Melbourne Australia, Feb 3, 2020: Olympic selection, vindication, bragging rights and psychological advantage – these will be the motivations for some of the 131 sailors from 45 countries competing at the 2020 World Laser Standard Championships in Melbourne, beginning on Tuesday February11, 2020.
Five sailors boast a total of nine Olympic medals among them. Leading the way with five medals – two gold, two silver and a bronze – is Brazilian legend Robert Scheidt, who was Olympic Champion in 1996 and 2004 and won the silver at Sydney 2000 after an epic battle with Ben Ainslie. Now aged 46, Scheidt is not as competitive in the single-handed dinghy as he once was, but on the tricky Sandringham course, no-one will be prepared to write him off.
Vindication may be the motivation for 2016 Rio Olympic Champion, Tom Burton of Australia. Burton is the defending world champion but was controversially overlooked for the Tokyo Olympic team, with his place going to Perth sailor Matt Wearn.
“I am obviously disappointed not to be able to defend my title in the Olympics,” Burton said. “Winning a World Championships was always a goal for my Laser career and to have done that last year under such pressure was a great feeling. No one can stop me from attempting to defend the title again this year.
“My preparation hasn’t been the best, but I have many years of laser sailing experience and know how to compete at the front.”
Australian Laser coach, Michael Blackburn, who has mentored the last two Olympic Champions to their gold medals, says that getting the selection sorted early was in the best interests of the team.
“It’s certainly nice to have selection out of the way and the opportunity to focus singularly on Wearny,” he said. “The Worlds are one of the two key events for him this year and he’s already made some good progress along areas we’ve been working on over the last few months, so he’s looking forward to the big test of the Worlds.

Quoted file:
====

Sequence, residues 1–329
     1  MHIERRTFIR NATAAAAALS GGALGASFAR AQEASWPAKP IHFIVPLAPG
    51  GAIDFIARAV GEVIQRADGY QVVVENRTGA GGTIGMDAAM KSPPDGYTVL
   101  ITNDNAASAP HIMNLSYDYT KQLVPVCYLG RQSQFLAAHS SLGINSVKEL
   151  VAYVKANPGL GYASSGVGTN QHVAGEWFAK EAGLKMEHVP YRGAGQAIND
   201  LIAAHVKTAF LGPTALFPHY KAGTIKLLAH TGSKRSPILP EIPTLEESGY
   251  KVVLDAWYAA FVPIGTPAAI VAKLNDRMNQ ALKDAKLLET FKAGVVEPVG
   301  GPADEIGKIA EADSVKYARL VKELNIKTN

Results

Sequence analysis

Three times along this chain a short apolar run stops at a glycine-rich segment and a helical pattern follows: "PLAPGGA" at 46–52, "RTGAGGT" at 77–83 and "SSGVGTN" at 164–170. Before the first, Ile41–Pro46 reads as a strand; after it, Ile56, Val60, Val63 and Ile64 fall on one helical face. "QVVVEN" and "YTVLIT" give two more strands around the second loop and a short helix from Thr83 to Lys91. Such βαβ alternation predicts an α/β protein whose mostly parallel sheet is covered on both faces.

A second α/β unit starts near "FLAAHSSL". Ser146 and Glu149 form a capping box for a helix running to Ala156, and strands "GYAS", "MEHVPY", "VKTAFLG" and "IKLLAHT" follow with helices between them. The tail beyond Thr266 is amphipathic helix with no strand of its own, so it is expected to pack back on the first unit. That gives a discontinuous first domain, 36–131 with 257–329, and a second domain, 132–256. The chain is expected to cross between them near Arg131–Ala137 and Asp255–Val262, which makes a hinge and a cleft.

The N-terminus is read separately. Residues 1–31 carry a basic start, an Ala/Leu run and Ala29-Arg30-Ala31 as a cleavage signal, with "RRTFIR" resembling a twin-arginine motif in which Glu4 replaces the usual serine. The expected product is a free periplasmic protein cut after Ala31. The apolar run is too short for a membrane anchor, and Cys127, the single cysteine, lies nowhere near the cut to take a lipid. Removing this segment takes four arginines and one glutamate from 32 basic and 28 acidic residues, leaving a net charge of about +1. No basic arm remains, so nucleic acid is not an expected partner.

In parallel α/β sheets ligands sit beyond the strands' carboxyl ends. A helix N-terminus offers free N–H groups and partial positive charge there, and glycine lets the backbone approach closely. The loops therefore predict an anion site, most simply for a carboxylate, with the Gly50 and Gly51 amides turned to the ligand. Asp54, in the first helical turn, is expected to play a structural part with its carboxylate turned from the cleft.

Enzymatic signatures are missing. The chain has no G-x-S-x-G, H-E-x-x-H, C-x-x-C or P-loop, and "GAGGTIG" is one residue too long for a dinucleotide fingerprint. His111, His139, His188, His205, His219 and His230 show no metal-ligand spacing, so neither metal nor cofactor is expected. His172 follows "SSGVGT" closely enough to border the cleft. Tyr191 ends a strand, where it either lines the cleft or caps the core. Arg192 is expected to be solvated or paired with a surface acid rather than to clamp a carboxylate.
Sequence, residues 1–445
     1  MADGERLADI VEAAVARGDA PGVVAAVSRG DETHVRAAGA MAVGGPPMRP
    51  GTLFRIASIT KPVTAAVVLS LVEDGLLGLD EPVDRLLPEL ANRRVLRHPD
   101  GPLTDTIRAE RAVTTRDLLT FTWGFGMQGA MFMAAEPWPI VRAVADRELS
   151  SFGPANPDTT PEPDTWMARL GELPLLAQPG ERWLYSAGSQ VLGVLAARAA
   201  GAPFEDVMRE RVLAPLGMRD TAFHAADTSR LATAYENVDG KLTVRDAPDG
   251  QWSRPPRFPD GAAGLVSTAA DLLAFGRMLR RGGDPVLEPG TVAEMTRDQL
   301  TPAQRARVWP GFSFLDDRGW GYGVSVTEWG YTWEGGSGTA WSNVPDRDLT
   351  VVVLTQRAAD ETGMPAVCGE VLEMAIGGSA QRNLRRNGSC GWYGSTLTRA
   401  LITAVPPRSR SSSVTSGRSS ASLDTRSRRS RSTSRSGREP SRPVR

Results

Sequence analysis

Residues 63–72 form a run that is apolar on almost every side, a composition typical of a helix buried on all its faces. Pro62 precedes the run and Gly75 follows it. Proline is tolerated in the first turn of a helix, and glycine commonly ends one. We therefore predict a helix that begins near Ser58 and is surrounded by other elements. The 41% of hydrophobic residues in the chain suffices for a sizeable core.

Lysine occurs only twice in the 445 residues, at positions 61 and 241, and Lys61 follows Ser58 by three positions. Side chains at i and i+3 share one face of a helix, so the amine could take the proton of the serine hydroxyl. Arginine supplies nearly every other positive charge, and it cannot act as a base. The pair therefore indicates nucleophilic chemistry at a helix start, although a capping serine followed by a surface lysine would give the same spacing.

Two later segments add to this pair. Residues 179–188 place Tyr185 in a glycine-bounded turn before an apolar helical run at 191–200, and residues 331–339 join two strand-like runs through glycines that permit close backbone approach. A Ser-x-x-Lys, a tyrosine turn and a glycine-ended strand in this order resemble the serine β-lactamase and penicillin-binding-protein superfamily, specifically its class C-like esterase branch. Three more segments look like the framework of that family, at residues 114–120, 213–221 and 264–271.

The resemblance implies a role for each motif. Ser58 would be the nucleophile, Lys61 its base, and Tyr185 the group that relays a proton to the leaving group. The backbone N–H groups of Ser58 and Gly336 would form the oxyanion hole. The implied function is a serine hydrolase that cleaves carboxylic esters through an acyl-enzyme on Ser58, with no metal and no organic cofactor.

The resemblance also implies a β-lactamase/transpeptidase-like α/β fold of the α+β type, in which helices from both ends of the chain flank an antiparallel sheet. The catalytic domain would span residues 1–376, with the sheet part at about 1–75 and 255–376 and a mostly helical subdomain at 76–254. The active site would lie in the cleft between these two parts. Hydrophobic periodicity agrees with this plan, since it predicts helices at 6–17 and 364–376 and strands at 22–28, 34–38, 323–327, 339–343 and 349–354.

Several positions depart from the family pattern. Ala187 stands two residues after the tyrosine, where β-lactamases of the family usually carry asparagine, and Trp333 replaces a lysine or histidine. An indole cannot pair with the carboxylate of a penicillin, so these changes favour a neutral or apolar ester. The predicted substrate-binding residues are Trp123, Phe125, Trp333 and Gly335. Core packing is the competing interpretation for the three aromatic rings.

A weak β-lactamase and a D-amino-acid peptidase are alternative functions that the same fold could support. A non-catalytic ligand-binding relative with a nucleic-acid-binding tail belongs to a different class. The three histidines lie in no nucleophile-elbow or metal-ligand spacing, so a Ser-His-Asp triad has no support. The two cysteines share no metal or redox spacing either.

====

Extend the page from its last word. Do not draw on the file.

“Of course, the Worlds is being used by many other countries as a key selection regatta, so it’ll be interesting to watch multiple little battles going on within the fleet. We expect this will strengthen the level of competition and create a larger list of potential winners – especially the 15 sailors competing who have previously held top three rankings.”
Among the countries yet to select their Laser competitor for Tokyo is Great Britain. Nick Thompson was the 2015 and 2016 World Champion but failed to win a medal in Rio. He is being pushed hard for the GBR nomination, particularly by Elliot Hanson and Sam Whaley. Thompson entered the Australian Championships, which were also held at Sandringham, with the aim of getting some vital race course knowledge under his belt. He finished fifth and hopes that the local knowledge will work for him in the coming week.
Training partners Tonci Stipanovic (CRO) and Pavlos Kontides (CYP) arrived in Melbourne later than most competitors, but will certainly be two sailors to watch. Stipanovic was beaten for the Rio gold medal by Tom Burton in controversial circumstances, when the two sailors were locked in a pre-start match race. It appeared that a jury boat created a wash that disadvantaged the Croatian just before the gun and Burton was able to sail away for the win.
Kontides also knows all about match racing in a Laser medal race after he was sailed off the course by Australian Tom Slingsby at London 2012. Slingsby said afterwards that had Kontides not been guaranteed the silver medal, he would not have put as much pressure on, but it was a good lesson for the Cypriot who became his country’s first ever Olympic medallist.
As with any world championship sailing event in Australia, there is always a pesky New Zealander trying to deny the home country victory. In this case, it is Rio bronze medallist Sam Meech, who is ranked third in the world behind Tom Burton and Matt Wearn. Meech is one of five Kiwis who has made the trip across the ditch.
The home country, as always, will have the biggest entry list. Eighteen Australians will be on the start line, with the battle between Matt Wearn and Tom Burton the main focus, but with training partners such as Luke Elliott, Mitch Kennedy and Finn Alexander also aiming to impress coaches and selectors.
The event begins with a practice race on Monday February 10, followed by six days of two races per day from February 11 to 16, weather permitting.
In an Olympic year and with such a quality fleet, the racing is expected to be very close, with no-one willing to predict a winner.